Novelty of Scooters Poses Serious Challenge to Cars’ Reign
(Bloomberg Opinion) -- The city of Portland, Oregon, is now three weeks into its four-month-long dockless electric scooter pilot program. More than 1,000 of the zippy vehicles racked up in 21 days. It’s a rapid ramp-up for any technology, and it could prove to be a genuine disruptive innovation that challenges the primacy of the automobile.
In their first two weeks, Portland’s scooters tallied twice as many rides as its docked bicycle program did — with roughly the same number of vehicles — in its first two weeks in 2016. Further data will reveal how much of this uptake is rapidly scalable, flexibly deployed, and capable of cutting into the car’s space and role on America’s city streets.
I asked Regina Clewlow, CEO and co-founder of mobility data and analytics firm Populus, for her thoughts on scooters’ appeal. Clewlow said that some of it is undoubtedly their novelty. They’re also more forgiving than bicycles for those in work attire. And thanks to dockless bikes, city dwellers were already accustomed to the idea of shared vehicles located (and often rented) with a mobile phone.
Calculating the opportunity for scooters elsewhere requires data on how and why we travel. Fortunately, there’s a raft of this data from the latest National Household Travel Survey.
Most scooters are ridden only a few miles at a time. These are short trips — but so are most car trips! More than 20 percent of all U.S. vehicle trips cover less than two miles, and more than half of all trips are less than four miles.
Most car trips, too, are for purposes a scooter or bike could fulfill. There are really only a few categories (transporting someone, driving to school, heading for medical services) that couldn’t easily be done on a shared bike or scooter.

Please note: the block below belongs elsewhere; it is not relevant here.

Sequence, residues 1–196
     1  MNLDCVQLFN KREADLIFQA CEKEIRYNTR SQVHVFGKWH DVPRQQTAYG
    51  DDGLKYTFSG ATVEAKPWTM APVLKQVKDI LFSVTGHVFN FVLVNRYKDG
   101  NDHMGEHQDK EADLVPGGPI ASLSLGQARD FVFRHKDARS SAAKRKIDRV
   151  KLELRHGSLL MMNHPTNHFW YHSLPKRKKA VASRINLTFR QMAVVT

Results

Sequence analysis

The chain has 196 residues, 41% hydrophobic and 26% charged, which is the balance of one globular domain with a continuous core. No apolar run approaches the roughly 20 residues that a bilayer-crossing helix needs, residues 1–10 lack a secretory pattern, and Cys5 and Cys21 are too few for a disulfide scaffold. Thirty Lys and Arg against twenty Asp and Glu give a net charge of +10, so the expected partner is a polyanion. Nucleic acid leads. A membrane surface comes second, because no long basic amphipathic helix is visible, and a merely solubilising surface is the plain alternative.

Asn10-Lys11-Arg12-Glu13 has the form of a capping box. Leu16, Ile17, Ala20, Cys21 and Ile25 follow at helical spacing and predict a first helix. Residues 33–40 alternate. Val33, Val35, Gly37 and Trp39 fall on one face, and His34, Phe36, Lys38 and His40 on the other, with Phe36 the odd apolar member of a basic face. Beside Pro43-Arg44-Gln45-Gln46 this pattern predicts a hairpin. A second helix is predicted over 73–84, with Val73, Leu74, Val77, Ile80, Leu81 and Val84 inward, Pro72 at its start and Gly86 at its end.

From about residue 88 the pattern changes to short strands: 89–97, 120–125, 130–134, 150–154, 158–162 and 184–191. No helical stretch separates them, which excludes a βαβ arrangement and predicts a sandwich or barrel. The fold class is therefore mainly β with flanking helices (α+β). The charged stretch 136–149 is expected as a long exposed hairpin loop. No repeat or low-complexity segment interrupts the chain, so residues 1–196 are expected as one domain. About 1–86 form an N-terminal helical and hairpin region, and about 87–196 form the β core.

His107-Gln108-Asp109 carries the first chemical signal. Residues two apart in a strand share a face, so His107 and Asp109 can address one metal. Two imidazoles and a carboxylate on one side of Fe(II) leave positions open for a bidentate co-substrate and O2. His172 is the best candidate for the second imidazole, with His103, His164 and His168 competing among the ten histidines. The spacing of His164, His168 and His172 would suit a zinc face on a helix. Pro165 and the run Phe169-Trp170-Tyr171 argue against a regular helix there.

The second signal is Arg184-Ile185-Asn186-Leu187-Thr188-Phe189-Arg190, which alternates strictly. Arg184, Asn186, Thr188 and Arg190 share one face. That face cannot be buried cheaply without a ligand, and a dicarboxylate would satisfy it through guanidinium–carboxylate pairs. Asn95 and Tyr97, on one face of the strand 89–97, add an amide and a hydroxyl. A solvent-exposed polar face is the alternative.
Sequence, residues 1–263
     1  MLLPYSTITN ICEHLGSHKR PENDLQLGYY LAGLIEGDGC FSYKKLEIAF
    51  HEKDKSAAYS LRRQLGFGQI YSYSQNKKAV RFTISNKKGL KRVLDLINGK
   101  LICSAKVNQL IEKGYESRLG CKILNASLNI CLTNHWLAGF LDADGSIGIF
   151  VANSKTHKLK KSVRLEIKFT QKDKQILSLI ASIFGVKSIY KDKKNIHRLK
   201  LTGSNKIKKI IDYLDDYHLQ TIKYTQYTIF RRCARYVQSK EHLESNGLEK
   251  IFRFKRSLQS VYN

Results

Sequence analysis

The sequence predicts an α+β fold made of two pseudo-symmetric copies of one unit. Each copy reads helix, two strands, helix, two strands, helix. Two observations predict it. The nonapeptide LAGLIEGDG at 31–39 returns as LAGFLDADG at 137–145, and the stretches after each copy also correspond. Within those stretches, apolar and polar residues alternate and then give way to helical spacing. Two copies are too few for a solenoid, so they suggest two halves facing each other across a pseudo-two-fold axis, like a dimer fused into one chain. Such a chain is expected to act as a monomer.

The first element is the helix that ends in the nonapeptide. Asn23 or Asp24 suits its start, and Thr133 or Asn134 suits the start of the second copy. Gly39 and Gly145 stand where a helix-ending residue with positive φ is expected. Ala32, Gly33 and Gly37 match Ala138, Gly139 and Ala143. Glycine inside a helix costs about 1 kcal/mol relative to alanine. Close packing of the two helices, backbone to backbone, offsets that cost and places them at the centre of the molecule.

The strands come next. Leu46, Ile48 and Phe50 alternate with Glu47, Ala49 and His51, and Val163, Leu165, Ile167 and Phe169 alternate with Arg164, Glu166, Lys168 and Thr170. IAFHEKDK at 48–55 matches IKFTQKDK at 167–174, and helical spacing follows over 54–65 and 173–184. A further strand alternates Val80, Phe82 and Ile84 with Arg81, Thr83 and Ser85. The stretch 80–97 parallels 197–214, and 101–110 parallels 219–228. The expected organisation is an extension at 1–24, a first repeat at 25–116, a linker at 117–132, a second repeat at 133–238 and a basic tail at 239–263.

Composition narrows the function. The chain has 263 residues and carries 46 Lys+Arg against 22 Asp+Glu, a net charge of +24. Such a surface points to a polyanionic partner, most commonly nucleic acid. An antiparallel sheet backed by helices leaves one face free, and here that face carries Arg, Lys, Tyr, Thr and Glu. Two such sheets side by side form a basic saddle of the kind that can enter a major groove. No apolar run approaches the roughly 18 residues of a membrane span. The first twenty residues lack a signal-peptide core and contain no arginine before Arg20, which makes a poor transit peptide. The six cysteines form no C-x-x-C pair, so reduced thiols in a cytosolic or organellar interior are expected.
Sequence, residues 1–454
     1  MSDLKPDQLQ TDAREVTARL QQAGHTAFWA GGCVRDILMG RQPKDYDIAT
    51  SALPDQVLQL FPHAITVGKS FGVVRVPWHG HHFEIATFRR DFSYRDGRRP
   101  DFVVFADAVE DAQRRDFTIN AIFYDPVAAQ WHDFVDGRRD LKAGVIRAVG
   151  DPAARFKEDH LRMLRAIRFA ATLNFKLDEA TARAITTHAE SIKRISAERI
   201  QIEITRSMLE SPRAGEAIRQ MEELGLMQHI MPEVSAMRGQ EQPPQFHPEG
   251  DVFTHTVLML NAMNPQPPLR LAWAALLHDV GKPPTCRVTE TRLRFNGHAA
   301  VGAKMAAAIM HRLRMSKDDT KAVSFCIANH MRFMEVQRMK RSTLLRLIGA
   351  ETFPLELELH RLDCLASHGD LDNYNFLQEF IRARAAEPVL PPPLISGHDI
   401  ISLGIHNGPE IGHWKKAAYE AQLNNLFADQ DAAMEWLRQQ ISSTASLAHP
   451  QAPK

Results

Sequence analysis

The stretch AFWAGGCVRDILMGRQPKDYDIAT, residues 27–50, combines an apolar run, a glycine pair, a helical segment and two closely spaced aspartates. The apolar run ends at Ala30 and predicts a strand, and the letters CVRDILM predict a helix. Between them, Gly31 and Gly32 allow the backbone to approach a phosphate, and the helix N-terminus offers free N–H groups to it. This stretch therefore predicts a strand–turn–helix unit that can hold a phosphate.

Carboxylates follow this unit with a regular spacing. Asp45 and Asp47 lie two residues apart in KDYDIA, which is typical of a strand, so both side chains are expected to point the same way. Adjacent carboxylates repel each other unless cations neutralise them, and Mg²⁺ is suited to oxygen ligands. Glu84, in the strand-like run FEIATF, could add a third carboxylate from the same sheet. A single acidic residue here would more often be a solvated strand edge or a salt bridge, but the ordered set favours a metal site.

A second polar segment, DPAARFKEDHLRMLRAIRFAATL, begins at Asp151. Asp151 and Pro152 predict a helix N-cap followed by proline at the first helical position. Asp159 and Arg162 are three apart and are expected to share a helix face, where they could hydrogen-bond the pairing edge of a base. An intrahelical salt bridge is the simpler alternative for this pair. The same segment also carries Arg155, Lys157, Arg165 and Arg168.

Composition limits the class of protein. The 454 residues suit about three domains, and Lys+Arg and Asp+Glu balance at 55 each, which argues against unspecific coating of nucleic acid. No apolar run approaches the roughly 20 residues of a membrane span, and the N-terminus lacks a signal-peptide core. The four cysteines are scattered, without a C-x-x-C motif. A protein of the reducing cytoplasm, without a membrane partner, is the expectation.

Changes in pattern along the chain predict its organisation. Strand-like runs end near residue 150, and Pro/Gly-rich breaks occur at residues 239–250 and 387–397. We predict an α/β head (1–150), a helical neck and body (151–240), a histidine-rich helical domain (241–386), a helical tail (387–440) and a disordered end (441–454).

Solo little vehicles aren’t for everyone — toddlers, for instance, or those less able. The survey doesn’t categorize travel by physical ability, but it does sort by age. More than a third of U.S. travelers are between the ages of 16 and 39 and, if they’re interested and able, probably capable of using a small vehicle.
So how many people really need a car-sized vehicle for their trips? It turns out U.S. vehicles are mostly empty when in motion.
Across the total U.S. non-commercial vehicle fleet, anything rolling or moving on treads is carrying an average of a mere 1.67 people.
Our cities are already swarming with powered personal vehicles: automobiles. They’re marvels of engineering, quality and value; they’re also overengineered for the jobs they’re doing. Small networked vehicles, inferior in every way to contemporary automobiles, are also a classic disruptive innovation. We’ll see just how disruptive as more cities get more bikes and scooters.
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Nathaniel Bullard is an energy analyst, covering technology and business model innovation and system-wide resource transitions.
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